Turnovers not only kill a company, they demolish it. What exact
variables lead to turnovers? Running an executive search firm and
seeing hires turn out both correctly and poorly, I have come to:
1. Remote Representative – Management is difficult enough 5 feet away,
let alone 50+ miles. Too often, companies feel as if they need
employees all over the U.S. when clients don’t want face-to-face
visits like they used to.
When starting your business, it is imperative that your employees
become engrained in your corporate culture. To think that monthly
visits, car allowance and a BlackBerry will take care of not having to
pay additional rent, you are not only wrong, you are about to witness
2. “Upside, Upside, Upside!” – I consistently have clients calling
into my company grossly underestimating what they should pay their new
employees only to justify disgustingly low pay with the “sky is the
Anything looks like the sky when you start at a dollar altitude of
zero. As a small business owner, if you don’t pay, the hire doesn’t
work out. The opportunity cost of training the new employees to
replace the last that left is immense. You’ll put yourself in
bankruptcy searching for that one employee.
And make no mistake, “employee” is the right term because these
individuals, instead of being entrepreneurs, want a paycheck. Give it
to them. If you can’t afford an employee, don’t bother until you can.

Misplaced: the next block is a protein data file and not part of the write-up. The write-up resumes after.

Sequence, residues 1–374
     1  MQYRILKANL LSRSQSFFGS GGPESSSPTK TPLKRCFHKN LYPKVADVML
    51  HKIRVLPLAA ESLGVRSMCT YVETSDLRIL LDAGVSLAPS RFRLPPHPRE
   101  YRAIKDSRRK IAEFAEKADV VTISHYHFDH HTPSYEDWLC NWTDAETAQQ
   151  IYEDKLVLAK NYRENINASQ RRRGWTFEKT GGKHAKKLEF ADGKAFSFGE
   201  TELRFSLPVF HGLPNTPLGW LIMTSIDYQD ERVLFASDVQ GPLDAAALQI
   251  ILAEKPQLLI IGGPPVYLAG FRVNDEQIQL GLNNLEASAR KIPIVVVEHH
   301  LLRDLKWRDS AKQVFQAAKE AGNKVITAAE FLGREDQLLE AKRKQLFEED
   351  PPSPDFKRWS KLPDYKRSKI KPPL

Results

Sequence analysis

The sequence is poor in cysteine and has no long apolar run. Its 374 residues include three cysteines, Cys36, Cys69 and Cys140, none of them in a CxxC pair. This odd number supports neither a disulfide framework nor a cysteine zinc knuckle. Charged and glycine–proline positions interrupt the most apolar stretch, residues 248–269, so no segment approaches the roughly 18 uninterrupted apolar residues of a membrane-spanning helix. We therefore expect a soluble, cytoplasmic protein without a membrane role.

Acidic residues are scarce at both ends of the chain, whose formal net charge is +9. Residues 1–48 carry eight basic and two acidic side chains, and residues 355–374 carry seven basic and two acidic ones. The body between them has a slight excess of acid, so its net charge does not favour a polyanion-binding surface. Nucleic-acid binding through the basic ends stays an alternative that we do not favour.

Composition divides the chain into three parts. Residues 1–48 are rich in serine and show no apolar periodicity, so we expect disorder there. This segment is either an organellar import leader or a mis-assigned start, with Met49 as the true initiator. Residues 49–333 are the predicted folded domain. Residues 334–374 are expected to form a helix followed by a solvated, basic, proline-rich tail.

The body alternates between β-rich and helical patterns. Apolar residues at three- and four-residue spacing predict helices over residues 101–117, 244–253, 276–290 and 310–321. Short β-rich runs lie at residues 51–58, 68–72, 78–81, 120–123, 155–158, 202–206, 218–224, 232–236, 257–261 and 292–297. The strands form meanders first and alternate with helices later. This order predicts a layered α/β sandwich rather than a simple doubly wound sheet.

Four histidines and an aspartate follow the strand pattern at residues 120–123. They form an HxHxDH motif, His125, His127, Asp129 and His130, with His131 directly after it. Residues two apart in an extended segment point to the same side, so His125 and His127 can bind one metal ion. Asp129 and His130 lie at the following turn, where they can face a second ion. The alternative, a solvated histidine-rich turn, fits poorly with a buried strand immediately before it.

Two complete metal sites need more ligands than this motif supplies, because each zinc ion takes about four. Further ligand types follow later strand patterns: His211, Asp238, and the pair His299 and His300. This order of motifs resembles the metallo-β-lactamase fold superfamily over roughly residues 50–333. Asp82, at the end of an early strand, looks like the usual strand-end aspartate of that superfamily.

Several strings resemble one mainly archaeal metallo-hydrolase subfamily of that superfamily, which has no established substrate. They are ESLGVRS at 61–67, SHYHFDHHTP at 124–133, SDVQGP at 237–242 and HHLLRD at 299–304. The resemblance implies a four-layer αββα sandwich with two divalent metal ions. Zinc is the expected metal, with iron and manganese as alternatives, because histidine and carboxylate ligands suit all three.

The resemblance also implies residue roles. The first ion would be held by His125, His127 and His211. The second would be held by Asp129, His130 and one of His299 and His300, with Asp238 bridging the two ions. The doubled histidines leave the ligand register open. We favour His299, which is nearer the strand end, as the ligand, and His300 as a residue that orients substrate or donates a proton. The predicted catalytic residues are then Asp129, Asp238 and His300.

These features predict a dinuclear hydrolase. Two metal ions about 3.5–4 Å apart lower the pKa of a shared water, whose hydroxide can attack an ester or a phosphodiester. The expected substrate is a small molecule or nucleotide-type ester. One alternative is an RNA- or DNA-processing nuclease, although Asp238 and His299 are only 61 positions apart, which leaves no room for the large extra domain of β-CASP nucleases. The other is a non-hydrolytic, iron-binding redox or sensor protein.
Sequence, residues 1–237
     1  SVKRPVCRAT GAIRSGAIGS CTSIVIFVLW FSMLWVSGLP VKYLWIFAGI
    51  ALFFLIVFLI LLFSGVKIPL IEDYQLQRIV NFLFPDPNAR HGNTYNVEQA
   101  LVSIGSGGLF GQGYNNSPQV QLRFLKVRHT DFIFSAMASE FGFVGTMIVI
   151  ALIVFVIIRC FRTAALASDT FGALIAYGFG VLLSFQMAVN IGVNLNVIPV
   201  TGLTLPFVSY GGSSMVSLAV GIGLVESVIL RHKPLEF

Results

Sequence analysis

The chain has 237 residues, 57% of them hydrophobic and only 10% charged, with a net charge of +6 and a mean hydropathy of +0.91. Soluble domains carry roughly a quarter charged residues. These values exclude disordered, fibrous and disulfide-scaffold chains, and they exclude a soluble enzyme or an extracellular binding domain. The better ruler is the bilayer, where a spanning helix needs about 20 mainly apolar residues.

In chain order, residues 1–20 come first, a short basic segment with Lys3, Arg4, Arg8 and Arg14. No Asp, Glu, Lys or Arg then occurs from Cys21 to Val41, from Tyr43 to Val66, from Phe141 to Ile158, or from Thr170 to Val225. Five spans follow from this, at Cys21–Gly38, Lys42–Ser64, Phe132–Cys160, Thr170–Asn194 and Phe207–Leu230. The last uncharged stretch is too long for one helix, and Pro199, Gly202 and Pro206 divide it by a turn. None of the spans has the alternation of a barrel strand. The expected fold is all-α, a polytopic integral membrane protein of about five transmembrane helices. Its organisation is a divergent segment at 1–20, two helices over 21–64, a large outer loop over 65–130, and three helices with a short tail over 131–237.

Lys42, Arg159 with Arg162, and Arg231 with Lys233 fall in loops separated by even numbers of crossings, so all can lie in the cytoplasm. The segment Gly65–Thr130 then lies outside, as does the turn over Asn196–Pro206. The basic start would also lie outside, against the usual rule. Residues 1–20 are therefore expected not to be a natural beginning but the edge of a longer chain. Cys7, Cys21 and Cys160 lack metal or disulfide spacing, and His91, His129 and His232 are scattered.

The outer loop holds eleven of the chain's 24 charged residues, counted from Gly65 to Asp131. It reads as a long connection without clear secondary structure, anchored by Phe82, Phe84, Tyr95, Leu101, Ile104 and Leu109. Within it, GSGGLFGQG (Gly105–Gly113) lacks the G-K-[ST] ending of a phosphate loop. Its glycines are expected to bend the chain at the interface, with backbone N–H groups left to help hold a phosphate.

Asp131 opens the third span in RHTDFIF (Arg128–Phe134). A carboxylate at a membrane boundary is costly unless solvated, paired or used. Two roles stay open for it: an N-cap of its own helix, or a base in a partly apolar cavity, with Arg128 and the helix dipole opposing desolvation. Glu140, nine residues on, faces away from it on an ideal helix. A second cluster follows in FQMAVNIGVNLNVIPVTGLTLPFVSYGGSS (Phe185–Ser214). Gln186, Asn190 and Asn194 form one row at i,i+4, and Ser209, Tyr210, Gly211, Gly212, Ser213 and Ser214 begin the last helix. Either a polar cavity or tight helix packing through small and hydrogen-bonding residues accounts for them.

3. Hiring Cognitive Dissonance – For anybody who has studied the
human decision-making process, the aforementioned phrase means
something to them. In hiring terms, it translates to: stop
interviewing half the United States and make a decision.
I refer to it as “Hiring Cognitive Dissonance.” Many small business
owners think it beneficial to interview 10 applicants and feel as if
the rule “the more the merrier” applies to the hiring process. It
could not be further from the truth.
From the 5 years that I have been in the staffing business, I have see
that companies who are interviewing more than 5 job applicants for one
position don’t end up making the correct decision.
Small business owners get too excited upon hiring applicants, though
they soon learn that maybe that 2nd or 4th job seeker who now has a
job would have been perfect.
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